Welcome to my website. I hope you enjoy your read as much as I have enjoyed researching and putting it all together. If you have any comments please feel free to email at I won't be offended if you feel some of the facts are incorrect or if you have anything further to add or can supply any photos that would be most welcome. The site is purely non-profit and mostly of local interest to the community. Please note some pages contain flash (swf) files that may not run on your computer depending on the compatibility of your browser, which may throw up an error or security risk message. I have recenly introduced (Nov 09) what is known as 'dynamic' content in the form of rotating images that may not be compatible with your browser but dont worry, I have placed a link to the old non-dynamic website. If you do have issues, try selecting tools on your browser toolbar and clicking on compatibility settings that should drop a box down for you to type in the website address <> The browser should then fix any viewing issues...hopefully.

Stuffynwood Hall was built in 1857 by Charles Paget, MP for Nottingham. He built the hall on a hilltop on the Stuffin Wood Farm taking 10 acres of the farm's 201 acres. He bought the farm from Chesterfield gentleman, Robert Malkin some years earlier. Joseph Paget developed it into the Stuffynwood Estate. It is situated in Derbyshire in an area called Pleasley Vale. The river Meden, which runs through the Vale, is the county boundary line with neighbouring north Nottinghamshire and the town of Mansfield. He built Stuffynwood Hall for his son, Joseph, soon to be married to the Dean of Derby's daughter, Helen A. Abney of Measham Hall. The main residence for the Nottinghamshire Pagets was at Ruddington Grange, a 400 acre estate that Charles built in 1828. Charles Paget built Stuffywood Hall in a style known as Italian Rennaisance using a local and very unique magnesium limestone that was also utilised in the rebuilding of Westminster Palace. The source of the stone, known locally as 'Parliament Quarry', was less than a mile away in Mansfield Woodhouse. Joseph Paget remained faithful with his father's 'Italianate Style', completing the extensions and lofty towers in 1880.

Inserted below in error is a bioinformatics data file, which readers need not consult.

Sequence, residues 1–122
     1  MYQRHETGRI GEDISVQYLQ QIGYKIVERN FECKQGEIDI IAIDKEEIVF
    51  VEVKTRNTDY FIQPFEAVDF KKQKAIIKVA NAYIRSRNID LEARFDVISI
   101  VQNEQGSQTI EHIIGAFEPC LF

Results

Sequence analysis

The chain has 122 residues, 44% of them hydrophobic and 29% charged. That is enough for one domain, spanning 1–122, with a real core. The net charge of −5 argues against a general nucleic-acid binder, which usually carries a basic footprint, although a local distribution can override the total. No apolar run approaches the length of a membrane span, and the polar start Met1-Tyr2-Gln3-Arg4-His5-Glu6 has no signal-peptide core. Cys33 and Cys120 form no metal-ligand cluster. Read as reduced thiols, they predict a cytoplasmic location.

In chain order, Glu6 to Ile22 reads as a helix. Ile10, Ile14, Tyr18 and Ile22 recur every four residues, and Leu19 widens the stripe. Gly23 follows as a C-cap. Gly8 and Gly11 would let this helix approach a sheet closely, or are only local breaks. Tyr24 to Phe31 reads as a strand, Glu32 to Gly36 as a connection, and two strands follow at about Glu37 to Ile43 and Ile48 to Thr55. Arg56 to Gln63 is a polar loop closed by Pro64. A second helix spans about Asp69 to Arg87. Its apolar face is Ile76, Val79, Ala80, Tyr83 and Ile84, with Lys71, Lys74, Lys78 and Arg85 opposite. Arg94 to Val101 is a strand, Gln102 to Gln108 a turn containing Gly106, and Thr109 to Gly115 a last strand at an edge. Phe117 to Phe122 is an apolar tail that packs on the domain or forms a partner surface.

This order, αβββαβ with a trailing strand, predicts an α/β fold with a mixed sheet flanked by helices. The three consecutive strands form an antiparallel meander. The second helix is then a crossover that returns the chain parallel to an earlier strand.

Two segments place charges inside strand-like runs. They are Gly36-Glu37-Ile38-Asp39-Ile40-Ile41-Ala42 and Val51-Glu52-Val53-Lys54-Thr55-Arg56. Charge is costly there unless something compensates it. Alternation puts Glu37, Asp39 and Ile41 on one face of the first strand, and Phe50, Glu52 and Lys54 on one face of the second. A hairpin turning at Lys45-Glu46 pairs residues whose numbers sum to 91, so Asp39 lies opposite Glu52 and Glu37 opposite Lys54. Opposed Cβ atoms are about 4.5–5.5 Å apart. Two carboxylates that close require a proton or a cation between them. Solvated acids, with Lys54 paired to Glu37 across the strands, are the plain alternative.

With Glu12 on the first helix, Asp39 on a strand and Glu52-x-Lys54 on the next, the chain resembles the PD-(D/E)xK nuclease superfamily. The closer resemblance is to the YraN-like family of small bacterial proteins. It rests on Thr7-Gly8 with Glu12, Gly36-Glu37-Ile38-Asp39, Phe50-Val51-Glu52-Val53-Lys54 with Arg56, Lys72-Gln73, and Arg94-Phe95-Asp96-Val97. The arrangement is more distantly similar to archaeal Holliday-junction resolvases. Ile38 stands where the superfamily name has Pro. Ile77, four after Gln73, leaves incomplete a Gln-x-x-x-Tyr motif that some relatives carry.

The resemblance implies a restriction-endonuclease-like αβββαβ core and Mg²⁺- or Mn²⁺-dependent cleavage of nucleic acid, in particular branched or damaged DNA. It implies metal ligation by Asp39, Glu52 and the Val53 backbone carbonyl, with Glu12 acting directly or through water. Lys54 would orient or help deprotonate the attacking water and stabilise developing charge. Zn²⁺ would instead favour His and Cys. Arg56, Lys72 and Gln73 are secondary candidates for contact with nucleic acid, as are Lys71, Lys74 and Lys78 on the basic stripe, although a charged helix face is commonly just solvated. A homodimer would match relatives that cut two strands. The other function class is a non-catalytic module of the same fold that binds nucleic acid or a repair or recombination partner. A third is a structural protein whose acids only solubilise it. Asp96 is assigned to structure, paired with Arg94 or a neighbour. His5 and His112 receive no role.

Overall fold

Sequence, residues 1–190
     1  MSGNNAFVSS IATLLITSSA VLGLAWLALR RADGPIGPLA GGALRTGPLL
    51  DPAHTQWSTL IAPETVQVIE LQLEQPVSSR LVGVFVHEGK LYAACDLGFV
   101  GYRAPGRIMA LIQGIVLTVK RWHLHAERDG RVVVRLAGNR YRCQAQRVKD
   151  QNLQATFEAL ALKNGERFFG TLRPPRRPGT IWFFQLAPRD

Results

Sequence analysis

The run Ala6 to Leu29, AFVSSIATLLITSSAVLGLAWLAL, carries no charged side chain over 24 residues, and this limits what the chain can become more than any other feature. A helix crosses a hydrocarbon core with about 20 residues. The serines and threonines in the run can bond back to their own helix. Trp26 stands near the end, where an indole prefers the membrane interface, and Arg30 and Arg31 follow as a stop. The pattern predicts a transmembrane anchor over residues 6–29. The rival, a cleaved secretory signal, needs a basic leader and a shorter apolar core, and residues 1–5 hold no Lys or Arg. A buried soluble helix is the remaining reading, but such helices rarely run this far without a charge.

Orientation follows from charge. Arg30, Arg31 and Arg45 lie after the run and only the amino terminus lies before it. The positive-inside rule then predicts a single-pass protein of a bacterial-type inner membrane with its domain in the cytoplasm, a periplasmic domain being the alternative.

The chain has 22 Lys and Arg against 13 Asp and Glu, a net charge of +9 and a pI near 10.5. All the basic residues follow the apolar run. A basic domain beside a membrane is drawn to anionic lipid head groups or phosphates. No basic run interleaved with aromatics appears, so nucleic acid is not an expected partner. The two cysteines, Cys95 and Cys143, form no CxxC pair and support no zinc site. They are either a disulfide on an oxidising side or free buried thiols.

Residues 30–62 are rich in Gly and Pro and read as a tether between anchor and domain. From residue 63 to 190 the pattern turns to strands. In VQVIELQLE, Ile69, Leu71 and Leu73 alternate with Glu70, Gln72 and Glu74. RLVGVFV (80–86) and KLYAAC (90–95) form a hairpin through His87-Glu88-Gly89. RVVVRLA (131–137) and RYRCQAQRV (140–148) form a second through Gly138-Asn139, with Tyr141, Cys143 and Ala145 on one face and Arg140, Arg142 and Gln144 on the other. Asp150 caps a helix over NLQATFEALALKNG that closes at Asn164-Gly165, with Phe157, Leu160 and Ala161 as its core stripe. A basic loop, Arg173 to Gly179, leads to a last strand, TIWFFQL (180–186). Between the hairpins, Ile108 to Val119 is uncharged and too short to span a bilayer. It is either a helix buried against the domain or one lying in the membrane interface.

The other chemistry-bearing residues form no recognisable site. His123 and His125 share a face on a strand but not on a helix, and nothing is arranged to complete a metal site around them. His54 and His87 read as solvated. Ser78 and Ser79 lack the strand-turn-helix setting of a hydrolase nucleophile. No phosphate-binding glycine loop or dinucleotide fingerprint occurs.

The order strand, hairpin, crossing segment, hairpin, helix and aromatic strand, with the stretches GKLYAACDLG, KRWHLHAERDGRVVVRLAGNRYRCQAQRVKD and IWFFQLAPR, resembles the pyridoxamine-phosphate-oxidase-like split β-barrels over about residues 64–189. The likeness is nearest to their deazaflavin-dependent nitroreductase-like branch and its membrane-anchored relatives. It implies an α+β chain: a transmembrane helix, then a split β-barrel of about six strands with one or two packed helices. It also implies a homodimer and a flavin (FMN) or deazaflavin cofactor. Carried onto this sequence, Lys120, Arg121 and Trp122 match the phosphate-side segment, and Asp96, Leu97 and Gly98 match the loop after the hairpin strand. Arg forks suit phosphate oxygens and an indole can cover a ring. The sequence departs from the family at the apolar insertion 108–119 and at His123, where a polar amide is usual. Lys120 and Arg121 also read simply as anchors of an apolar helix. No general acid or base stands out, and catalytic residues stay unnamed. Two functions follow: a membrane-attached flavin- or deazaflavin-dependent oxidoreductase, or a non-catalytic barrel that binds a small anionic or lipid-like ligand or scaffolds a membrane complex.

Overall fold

The Paget family's shareholding in the Pleasley Mills business had been held since the early 1800's after a marriage brought the Pagets and Hollins families together. It was a successful partnership of families with similar religious and political beliefs. The Hollins' managed the affairs of the company on a daily basis, however, the Pagets were more involved in public office and had other major shareholdings in banking and textile businesses.

The Hall took its name from the Stuffyns (alt. sp. Stuffins) whom for generations had lived at Stuffynwood. The early Stuffyns were the agisters of Sherwood Forest, controlling the grazing rights for the King. In 1236, records show that King Henry III ruled on a land dispute, upholding the charter granted by King John to Robert Stuffyn, owner of the Manor of Mansfield Woodhouse. Later, records show that Hugh Stuffyn, was granted land at Shirebrook, which is believed to be the estate still known as Stuffynwood. The Stuffynwood branch of the family were primarily involved with the protection of the King's venison and maintaining and administrating the neighbouring Pleasley Park, a Royal hunting Forest. A listed house on the estate has timber core samples dated to 1470, while parish registers surviving from the 16thC, record Stuffyn christenings at St Michael's, Pleasley through the 16th to 18th centuries.

As well as delving into the history of Stuffynwood, I have researched the history of former residents and unearthed some very interesting characters including the actor John Hurt's grandfather, Henry Hurt, who was a gardener on the Estate!

Enjoy your read and please keep checking back for updates.

Grant Pearcy